The University Grants Commission—the apex body regulating higher education—rolled out new guidelines for setting up Indian campuses of foreign universities. The aim is to block brain drain and offer world-class education to Indians right at home. Critics are not convinced of its merits or its viability.
Researched by: Sara Varghese & Prerna Barooah
Tell me about these new guidelines…
On January 5, the UGC released a set of draft regulations titled ‘Setting up and Operation of Campuses of Foreign Higher Educational Institutions in India’. This is in keeping with the goals of the National Education Policy unveiled in 2020—which promised to create a legislative framework and “special dispensation” to help foreign universities set up shop in the country. The draft has been uploaded online to invite public comment—and there has already been plenty of that so far. Here’s what the draft contains:
One: Universities that ranked in the top 500—either overall or in certain subjects—are eligible to apply. Or they must be “reputed” in their home countries—but there is no clarification on what that criterion requires. FYI: this is a step down from the NEP which extended the welcome mat only to universities in the top 100.
Two: The foreign institutions have been given broad leeway and independence—the kind not given to Indian colleges. They can decide their fees and admission criteria—and have a free hand in hiring faculty. They don’t have to adhere to the reservations system either. The draft only mentions need-based scholarships—and officials later clarified that the decision to reserve seats lies entirely with the institution.
Three: The universities can also freely repatriate their profits back to their home country—which has been a key sticking point for similar plans in the past. Until now, this privilege was only extended to institutions willing to set up shop in Gujarat’s GIFT business district.
The big ‘but’: There are a number of restrictions included in the draft. The institution cannot offer any online or distance education classes. But more importantly, they will not offer any “programme of study that jeopardises the national interest of India or the standards of higher education in India.” Also this: “The operation of Foreign Higher Educational Institutions shall not be contrary to the sovereignty and integrity of India, the security of the State, friendly relations with foreign States, public order, decency, or morality.”
When pushed on the national security clause, officials said:
Let’s not read too much into that (the clause on national interest). There are going to be very exceptional cases where there could be issues related to national interest. And in case any action is taken by UGC and if the aggrieved parties think it is not right, we have a well-established judicial system in the country. Therefore, I do not think there is any problem with regards to that clause.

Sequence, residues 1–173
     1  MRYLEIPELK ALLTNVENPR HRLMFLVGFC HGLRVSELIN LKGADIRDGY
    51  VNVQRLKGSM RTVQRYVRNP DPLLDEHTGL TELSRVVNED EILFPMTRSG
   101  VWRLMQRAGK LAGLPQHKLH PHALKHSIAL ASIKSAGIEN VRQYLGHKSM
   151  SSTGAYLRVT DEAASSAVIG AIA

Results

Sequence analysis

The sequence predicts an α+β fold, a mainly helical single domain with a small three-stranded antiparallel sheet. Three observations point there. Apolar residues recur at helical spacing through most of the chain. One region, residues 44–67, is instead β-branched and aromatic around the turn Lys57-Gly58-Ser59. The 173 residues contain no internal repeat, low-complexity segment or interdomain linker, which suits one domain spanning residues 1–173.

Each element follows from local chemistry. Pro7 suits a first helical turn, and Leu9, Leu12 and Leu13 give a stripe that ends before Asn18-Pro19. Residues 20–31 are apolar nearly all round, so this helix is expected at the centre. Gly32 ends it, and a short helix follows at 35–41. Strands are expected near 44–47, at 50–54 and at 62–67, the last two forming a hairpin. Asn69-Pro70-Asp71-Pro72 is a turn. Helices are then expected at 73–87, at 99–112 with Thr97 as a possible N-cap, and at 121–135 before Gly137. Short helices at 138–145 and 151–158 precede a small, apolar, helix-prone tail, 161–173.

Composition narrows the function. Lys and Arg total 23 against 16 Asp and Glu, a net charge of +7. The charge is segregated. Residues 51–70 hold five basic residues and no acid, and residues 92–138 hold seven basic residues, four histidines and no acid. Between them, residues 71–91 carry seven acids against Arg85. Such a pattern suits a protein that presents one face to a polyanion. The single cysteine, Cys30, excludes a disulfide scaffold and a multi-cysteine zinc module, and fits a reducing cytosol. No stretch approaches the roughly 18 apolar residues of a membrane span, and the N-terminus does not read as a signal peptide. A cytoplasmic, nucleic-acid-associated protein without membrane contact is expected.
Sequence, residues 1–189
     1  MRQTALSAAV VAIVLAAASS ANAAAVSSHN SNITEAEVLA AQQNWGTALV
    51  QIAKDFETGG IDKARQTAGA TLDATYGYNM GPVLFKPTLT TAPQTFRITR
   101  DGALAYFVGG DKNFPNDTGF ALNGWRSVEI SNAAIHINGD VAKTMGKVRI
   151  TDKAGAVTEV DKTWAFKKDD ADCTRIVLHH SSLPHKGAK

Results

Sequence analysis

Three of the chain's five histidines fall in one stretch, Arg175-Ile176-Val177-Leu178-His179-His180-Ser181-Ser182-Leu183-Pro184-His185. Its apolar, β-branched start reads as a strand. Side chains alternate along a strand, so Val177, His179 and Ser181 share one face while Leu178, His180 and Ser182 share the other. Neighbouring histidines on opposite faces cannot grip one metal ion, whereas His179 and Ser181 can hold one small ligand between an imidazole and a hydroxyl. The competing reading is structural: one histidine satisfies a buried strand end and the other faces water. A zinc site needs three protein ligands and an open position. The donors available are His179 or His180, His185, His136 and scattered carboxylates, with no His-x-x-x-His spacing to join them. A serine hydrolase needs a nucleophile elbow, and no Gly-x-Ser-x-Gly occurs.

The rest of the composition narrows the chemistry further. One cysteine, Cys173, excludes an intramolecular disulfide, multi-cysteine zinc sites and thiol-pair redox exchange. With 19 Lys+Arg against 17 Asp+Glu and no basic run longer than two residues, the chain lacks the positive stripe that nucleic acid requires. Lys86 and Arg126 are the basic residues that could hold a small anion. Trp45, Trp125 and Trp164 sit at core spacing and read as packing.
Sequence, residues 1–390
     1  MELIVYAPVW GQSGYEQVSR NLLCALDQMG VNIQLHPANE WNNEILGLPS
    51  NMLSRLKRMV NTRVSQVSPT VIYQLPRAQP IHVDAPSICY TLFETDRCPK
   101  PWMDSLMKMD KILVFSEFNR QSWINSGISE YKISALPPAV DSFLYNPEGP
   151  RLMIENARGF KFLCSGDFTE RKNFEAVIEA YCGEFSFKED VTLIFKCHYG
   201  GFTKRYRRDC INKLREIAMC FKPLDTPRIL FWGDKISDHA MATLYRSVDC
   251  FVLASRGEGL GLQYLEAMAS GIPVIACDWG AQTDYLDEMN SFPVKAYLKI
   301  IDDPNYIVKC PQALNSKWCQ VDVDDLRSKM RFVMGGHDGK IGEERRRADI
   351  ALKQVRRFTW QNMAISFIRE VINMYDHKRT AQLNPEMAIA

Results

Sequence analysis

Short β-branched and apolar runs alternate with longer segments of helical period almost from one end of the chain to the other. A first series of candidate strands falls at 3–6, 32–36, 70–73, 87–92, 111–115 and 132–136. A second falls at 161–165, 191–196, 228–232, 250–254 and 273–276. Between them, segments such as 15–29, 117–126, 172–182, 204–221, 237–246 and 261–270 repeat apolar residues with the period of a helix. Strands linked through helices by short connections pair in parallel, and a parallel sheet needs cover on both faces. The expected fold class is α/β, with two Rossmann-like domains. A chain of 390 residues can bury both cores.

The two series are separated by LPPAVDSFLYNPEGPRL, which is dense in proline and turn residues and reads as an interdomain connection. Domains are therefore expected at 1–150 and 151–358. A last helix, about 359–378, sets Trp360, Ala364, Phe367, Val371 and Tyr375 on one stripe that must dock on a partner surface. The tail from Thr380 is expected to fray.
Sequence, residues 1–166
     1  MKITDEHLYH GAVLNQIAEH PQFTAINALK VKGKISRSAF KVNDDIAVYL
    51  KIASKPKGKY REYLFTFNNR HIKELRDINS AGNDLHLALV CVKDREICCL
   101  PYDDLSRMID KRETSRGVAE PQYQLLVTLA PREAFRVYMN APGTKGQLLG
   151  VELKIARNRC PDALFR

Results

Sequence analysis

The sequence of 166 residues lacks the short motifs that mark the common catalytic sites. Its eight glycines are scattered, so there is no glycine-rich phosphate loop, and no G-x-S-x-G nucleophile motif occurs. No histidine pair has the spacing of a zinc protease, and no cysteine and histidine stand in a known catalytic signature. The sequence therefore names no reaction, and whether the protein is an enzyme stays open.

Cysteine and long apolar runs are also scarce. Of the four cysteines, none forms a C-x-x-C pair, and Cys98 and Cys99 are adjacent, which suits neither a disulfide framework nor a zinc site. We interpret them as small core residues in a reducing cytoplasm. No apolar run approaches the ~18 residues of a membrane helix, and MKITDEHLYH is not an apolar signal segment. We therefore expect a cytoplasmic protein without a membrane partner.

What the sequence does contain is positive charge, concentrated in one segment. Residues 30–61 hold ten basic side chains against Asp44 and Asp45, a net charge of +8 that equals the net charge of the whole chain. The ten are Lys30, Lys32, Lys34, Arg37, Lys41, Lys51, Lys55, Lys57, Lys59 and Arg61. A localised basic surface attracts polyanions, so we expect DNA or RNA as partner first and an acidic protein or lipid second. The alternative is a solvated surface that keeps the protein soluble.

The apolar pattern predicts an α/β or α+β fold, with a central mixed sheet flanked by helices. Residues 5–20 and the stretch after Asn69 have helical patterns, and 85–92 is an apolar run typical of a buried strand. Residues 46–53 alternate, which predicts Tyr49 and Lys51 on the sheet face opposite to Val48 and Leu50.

And why are we doing this?
Successive governments have tried to implement similar plans since the 90s—but were often thwarted by other parties. In 2010, the UPA government tried to pass the Foreign Educational Institutions Bill, but faced fierce resistance from the BJP and the CPM. The left was unhappy with the commercialisation of education, while the right worried about national security issues. And that plan was way less ambitious than the current version.
But the logic for the initiative remains the same. Here are the key reasons offered by its supporters.
Brain drain: The number of Indian students studying abroad has steadily increased over the years—jumping from 586,000 in 2019 to 646,000 in 2022. The estimate for 2024 is as high as 1.8 million. And many of them never come back home. Over the past seven years, 800,000 Indians gave up their citizenship.
But that number doesn’t capture Indians who are permanent residents of other countries—or on other visas. For example, in the US, millions of Indians are languishing on H-1B visas while waiting for a path to citizenship (explained here). A recent survey showed that eight out ten students studying abroad plan to work and settle outside India after completing their degrees.
Dollar drain: Indian students overseas spend $28 billion per year—which is set to balloon to $80 billion by 2024. That in itself is a key incentive to reduce the outward flow of foreign currency. But the broader aim is to bring in dollars—by turning India into a global hub for education that attracts students from around the world. This is part of the government's ‘Study in India’ initiative.
‘Affordable’ education: Right now, students pay close to Rs 7 million a year to study at a top Ivy League school—and around Rs 5.5 million for a UK university like Oxford. In comparison, a degree from a private institution like Ashoka costs Rs 900,000 per year. While the government does not cap tuition fees, it specifies they must be “transparent and reasonable.” And the expectation is that a foreign university in India will still be more affordable than studying abroad: